Since its initial success, Nielsen expanded their programs to support targeted growth throughout the organization.
How to create a diversity mentoring program
Every mentoring program is different, but a few key best practices should be followed to ensure success. First, standardize the process with the following:
Determine length of program
Based on what we’ve seen, a six-month timeline is beneficial for both mentors and mentees. This duration strikes the right balance between being long enough to work on goals related to more complex topic areas such as implicit bias, while also being cognizant of demands on senior leaders’ time.
Establish relationship structure
One of the defining characteristics of these mentoring programs is a one-to-one (1:1) match between mentees (senior leaders) and mentors (junior employees).
Participants often discuss complex and sensitive topics, which requires a high level of trust and comfort best accomplished in a one-to-one format.
Use match logic
Mentoring programs use a combination of rules based on participant profile, stated preferences, and the results of a personality survey for match scores. A few areas we’ve found are important for matching including: identity & experience, expertise and job-specific skills.
We’ve also found it’s essential that the mentor and mentee do not have a direct-report relationship. Plus, if the company is distributed across time zones, ensure that there’s enough overlap in the work schedules of both mentor and mentee.
Don’t forget the human
While other factors might impact the type of matching process used, we’ve found Admin Matching works best for these programs. Program administrators, who are able to see all of the data and make the best decisions, can select participants based on their match score, and then match mentoring partners across different aspects of identity and experience.
Diversity mentoring action items
Once you’ve put down the groundwork, it’s time for action. To implement a powerful and effective top-down mentoring program that will help retain and engage diverse talent, follow these four tips:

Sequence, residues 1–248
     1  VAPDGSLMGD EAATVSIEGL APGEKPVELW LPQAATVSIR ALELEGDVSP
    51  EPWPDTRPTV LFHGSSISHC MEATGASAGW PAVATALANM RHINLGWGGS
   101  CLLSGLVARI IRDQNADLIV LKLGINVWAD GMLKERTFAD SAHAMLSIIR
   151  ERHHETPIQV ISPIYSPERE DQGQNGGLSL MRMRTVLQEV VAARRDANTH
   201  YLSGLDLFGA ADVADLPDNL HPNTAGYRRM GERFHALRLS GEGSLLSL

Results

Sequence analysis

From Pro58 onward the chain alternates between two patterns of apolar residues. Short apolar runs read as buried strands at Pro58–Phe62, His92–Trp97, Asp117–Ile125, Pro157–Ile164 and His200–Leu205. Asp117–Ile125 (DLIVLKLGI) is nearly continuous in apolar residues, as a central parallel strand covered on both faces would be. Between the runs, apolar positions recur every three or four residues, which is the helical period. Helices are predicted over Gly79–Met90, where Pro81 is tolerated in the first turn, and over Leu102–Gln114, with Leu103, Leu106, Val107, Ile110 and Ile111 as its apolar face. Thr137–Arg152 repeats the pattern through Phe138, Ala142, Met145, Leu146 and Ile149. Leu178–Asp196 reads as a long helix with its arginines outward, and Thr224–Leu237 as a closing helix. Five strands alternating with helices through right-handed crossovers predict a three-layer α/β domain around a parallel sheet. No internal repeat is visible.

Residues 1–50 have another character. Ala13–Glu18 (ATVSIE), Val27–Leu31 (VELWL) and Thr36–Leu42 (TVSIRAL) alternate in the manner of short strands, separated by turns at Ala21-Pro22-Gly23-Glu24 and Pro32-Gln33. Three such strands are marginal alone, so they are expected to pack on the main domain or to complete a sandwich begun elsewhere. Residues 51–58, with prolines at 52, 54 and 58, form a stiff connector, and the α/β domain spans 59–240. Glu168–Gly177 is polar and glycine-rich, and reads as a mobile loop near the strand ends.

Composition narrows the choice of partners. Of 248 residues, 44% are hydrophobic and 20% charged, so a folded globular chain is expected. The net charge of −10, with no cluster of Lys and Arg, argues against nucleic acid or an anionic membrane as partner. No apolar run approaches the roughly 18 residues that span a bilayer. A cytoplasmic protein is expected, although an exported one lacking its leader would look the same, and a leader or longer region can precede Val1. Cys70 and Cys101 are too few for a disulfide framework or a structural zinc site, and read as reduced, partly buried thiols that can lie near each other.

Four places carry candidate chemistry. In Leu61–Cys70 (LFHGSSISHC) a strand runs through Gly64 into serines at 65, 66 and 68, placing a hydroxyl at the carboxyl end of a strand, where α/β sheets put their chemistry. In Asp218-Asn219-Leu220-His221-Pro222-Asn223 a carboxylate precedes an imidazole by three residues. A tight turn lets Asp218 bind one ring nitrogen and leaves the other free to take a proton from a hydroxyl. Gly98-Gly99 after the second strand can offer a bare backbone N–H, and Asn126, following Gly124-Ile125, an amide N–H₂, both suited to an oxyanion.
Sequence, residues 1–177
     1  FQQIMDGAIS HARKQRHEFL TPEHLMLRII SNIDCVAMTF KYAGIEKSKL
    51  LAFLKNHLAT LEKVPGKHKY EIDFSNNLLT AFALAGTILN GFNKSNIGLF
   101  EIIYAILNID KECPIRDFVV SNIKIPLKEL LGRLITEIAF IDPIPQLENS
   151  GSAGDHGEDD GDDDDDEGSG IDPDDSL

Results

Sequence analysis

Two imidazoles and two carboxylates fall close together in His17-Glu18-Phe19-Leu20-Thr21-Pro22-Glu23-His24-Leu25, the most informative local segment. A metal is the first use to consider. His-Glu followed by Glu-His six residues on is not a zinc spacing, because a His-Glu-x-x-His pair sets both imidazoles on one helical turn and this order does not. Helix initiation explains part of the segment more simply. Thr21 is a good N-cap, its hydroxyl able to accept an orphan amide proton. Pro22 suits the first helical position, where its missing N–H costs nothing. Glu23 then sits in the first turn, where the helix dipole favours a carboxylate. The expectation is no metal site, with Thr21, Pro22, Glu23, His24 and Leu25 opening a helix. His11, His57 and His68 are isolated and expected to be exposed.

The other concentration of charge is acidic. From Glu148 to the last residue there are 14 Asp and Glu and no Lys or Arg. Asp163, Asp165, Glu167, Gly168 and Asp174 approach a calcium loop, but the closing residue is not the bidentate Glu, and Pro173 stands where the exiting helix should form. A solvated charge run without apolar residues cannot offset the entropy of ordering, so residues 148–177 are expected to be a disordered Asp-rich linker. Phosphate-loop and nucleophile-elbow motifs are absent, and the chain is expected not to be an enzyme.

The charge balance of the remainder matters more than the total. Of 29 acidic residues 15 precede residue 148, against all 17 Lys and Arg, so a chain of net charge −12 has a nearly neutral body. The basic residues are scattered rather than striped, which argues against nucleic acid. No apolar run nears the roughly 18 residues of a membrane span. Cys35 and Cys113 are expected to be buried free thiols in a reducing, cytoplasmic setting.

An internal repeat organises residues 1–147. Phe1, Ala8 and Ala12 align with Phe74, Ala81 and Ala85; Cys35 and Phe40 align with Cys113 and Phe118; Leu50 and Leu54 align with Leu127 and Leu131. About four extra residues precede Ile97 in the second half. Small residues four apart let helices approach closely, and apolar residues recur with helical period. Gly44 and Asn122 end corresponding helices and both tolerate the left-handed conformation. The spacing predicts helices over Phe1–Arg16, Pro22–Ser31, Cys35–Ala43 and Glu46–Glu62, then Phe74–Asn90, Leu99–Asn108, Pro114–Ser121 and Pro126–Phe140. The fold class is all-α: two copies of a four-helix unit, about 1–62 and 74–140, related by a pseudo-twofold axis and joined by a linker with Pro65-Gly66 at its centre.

Listen to your diverse employee populations. Ask them what they need, understand the obstacles they face, and work to uncover what will help them advance and grow with your organization.
Include your diverse employees in the program planning process, get their input on key factors of your mentoring program design, and ask them to be ambassadors for the program to help spread the word.
Act on the feedback you hear from the employees, create a program that reflects their needs, and look for opportunities for growth within your mentoring program to help you create and sustain a mentoring culture.
This is only a first step. Use feedback from your mentoring program to understand where additional opportunities may be necessary. Include supporting sponsorship opportunities, paid anti-racism / racial justice education, and encouraging community building through employee resource groups for starters.
Research shows that diverse workforces outperform less diverse organizations by 35% in profitability. Diversity mentoring programs are instrumental in helping achieve diversity, equity and inclusion goals; in fact, it may be the springboard you need.
Lora Zotter is the VP of Employee Experience at MentorcliQ, a mentoring software solution that helps organizations launch, support, and grow high-impact employee mentoring programs. As VP of Employee Experience, she makes sure MentorcliQ is an amazing place to work by leading talent attraction, onboarding, and retention initiatives.